Overall this is an impressive entry into the PCI-E 4.0 realm for Samsung, with the move to 3-bit NAND, however logical, a little disappointing for a product with the PRO name. We’re living in a TLC/QLC world now, and Samsung’s adoption of 3-bit NAND for their flagship likely signals the end of 2-bit MLC in consumer drives.
This disclosure statement covers the way the product being reviewed was obtained and the relationship between the product's manufacturer and PC Perspective.
How Product Was Obtained
The drive is on loan from Samsung for the purpose of this review.
What Happens To Product After Review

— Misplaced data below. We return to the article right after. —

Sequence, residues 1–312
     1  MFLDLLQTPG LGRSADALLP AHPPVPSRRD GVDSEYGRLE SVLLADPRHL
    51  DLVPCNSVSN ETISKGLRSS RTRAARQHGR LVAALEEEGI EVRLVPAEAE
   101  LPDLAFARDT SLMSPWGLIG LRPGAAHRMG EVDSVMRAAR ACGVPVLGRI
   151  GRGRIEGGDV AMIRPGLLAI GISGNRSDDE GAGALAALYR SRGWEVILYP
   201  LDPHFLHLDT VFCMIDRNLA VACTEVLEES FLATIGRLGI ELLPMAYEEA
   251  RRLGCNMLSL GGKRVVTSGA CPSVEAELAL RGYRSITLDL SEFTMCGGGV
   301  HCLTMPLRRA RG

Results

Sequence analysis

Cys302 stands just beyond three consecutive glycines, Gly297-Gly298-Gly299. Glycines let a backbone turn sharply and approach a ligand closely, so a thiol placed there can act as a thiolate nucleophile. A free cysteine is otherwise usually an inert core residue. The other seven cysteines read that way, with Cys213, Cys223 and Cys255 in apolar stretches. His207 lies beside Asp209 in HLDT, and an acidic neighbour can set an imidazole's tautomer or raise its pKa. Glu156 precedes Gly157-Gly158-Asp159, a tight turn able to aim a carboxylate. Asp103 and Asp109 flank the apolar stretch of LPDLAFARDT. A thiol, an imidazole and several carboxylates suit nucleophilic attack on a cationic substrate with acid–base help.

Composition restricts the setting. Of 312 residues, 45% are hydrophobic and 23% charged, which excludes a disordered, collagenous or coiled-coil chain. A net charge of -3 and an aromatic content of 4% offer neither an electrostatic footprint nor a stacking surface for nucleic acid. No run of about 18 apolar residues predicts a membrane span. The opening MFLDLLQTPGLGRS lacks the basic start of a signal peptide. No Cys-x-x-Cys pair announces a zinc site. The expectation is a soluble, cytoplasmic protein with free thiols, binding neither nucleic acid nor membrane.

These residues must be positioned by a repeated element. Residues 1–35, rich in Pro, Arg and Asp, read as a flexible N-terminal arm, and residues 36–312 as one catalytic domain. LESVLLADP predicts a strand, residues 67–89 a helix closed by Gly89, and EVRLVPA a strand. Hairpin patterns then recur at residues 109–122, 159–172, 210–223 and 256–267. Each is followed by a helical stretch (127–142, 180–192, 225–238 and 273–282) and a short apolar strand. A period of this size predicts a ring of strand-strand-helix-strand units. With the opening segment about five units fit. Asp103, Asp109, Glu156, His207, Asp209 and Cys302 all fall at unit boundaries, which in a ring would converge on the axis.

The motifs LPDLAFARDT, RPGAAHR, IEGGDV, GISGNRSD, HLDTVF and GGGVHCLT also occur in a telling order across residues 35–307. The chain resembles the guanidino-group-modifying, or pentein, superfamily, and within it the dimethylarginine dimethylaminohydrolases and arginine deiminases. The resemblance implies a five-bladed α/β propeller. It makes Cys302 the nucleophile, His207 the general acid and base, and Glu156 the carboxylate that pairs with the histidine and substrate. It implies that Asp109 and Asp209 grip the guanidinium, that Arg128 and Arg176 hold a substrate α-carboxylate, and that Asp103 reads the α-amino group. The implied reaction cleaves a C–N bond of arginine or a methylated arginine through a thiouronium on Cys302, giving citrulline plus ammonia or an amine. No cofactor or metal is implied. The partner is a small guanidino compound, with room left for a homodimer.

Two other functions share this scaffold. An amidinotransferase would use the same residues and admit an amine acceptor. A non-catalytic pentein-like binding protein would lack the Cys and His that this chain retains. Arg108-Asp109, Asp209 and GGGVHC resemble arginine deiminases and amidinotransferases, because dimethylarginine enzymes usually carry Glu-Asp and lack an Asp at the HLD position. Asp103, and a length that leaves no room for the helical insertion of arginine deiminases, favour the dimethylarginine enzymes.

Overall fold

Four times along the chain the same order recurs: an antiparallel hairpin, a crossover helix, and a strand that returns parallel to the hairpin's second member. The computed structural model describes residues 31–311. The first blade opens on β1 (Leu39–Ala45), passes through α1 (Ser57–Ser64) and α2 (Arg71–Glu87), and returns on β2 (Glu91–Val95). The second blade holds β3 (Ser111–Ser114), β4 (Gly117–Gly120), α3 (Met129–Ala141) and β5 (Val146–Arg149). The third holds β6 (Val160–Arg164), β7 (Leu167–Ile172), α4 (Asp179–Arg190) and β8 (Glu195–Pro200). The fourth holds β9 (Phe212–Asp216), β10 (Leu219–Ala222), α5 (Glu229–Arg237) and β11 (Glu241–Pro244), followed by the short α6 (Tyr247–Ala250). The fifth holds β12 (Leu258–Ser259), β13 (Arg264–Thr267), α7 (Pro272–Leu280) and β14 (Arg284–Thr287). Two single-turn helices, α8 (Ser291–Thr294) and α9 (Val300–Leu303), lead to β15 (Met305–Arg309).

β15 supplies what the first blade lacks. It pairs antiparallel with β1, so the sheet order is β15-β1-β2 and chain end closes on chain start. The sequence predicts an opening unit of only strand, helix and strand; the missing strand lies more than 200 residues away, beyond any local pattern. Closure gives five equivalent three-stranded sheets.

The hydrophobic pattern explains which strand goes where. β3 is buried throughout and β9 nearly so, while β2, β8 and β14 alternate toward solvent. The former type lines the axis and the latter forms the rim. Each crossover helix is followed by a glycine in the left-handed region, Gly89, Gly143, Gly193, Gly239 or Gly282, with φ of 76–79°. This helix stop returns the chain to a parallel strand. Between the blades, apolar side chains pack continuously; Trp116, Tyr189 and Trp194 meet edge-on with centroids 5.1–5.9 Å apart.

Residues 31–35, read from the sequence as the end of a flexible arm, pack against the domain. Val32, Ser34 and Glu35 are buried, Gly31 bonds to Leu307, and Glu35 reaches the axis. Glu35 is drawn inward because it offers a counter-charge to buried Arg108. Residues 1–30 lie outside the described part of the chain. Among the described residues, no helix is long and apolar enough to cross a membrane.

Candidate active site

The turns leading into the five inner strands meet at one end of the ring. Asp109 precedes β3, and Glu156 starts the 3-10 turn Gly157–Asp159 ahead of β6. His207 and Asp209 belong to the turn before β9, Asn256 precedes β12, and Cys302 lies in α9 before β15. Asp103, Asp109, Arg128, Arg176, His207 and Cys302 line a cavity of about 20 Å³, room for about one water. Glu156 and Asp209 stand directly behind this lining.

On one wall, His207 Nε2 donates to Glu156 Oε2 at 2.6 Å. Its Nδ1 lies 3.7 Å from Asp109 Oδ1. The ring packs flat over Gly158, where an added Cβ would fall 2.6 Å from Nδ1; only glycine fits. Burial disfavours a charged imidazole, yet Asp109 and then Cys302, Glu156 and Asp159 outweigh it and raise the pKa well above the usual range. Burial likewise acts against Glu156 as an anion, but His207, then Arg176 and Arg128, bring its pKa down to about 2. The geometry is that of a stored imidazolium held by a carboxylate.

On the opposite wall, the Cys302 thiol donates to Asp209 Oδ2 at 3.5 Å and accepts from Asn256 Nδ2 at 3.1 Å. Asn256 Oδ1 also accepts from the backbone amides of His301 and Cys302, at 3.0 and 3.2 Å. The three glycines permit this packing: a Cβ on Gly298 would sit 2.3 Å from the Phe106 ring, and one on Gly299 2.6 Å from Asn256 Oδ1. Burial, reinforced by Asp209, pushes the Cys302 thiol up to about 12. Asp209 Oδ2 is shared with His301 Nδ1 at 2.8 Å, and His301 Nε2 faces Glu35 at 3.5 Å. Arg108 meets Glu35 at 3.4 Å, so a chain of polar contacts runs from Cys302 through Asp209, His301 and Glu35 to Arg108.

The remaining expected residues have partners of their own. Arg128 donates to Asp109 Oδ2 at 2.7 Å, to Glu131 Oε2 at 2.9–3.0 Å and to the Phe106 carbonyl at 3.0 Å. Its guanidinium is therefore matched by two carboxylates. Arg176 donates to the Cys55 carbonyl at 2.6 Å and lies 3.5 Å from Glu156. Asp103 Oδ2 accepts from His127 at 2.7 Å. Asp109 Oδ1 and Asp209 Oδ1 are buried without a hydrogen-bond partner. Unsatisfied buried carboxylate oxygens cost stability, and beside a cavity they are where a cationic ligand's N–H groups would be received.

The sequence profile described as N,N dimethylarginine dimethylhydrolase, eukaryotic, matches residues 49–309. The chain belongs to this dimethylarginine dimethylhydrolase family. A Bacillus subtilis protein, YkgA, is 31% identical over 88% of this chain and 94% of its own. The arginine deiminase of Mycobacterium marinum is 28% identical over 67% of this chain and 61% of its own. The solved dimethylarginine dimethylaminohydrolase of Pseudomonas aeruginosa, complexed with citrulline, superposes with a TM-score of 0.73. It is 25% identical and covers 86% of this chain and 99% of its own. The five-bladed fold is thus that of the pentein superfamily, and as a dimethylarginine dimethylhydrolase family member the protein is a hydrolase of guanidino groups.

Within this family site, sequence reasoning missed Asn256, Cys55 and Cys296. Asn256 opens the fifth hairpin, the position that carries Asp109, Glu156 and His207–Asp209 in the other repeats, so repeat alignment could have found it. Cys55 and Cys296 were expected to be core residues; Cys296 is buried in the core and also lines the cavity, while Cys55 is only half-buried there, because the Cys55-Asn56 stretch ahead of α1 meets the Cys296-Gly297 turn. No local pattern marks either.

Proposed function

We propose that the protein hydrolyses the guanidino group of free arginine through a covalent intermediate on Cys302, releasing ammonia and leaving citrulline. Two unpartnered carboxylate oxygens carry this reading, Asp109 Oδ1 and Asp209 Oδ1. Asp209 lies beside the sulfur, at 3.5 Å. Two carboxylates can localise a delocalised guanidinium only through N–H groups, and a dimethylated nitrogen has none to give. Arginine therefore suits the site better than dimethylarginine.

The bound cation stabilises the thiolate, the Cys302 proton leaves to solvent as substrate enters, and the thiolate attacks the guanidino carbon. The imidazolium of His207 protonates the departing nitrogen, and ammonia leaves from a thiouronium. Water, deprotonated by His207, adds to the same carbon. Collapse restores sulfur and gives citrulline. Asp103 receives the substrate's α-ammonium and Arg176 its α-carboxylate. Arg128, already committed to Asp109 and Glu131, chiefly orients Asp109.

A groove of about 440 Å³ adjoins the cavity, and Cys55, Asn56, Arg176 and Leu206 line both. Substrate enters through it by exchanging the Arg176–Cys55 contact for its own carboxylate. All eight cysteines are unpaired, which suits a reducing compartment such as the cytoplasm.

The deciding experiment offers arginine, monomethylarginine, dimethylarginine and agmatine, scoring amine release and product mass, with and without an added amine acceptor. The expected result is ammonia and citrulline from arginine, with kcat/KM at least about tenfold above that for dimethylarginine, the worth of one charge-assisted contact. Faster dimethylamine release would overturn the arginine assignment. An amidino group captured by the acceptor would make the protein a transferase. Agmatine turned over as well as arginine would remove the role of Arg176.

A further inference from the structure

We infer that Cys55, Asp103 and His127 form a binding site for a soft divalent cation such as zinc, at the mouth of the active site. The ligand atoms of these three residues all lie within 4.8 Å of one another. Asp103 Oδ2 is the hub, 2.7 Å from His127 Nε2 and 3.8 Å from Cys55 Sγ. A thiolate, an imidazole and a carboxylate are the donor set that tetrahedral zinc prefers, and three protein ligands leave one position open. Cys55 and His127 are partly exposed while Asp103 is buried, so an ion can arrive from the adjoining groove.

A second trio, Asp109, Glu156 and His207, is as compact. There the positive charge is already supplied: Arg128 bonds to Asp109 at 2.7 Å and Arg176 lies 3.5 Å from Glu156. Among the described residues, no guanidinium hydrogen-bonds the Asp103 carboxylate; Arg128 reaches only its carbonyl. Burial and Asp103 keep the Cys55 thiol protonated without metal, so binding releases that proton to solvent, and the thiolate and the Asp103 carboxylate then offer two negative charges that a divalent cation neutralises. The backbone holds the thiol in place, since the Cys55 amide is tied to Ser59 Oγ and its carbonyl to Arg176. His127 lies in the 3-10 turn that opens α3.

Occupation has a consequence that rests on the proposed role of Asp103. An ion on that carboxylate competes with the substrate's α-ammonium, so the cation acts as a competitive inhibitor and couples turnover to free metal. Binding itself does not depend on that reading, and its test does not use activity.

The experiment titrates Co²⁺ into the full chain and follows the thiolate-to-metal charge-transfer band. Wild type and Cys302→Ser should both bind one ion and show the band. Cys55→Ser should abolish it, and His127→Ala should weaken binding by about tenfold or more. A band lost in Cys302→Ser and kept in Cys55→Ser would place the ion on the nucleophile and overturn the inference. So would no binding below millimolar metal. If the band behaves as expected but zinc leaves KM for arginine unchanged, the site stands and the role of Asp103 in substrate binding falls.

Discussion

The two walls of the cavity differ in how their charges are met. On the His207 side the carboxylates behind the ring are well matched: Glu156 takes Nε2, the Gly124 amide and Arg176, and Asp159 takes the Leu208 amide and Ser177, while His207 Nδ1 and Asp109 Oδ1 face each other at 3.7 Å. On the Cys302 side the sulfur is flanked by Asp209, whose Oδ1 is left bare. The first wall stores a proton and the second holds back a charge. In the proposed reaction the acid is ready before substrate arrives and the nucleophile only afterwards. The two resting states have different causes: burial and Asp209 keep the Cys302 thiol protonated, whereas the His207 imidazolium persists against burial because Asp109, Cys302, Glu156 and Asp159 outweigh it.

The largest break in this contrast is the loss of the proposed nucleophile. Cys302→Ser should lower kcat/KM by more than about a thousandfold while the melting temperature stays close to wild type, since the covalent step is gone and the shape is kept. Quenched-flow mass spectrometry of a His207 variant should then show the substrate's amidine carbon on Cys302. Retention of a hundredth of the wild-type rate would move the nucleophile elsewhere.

The drive remains the property of Samsung but will be on extended loan to PC Perspective for the purpose of future testing and product comparisons.
Samsung provided the product sample and technical brief to PC Perspective but had no control over the content of the review and was not consulted prior to publication.
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Neither PC Perspective nor any of its staff were paid or compensated in any way by Samsung for this review.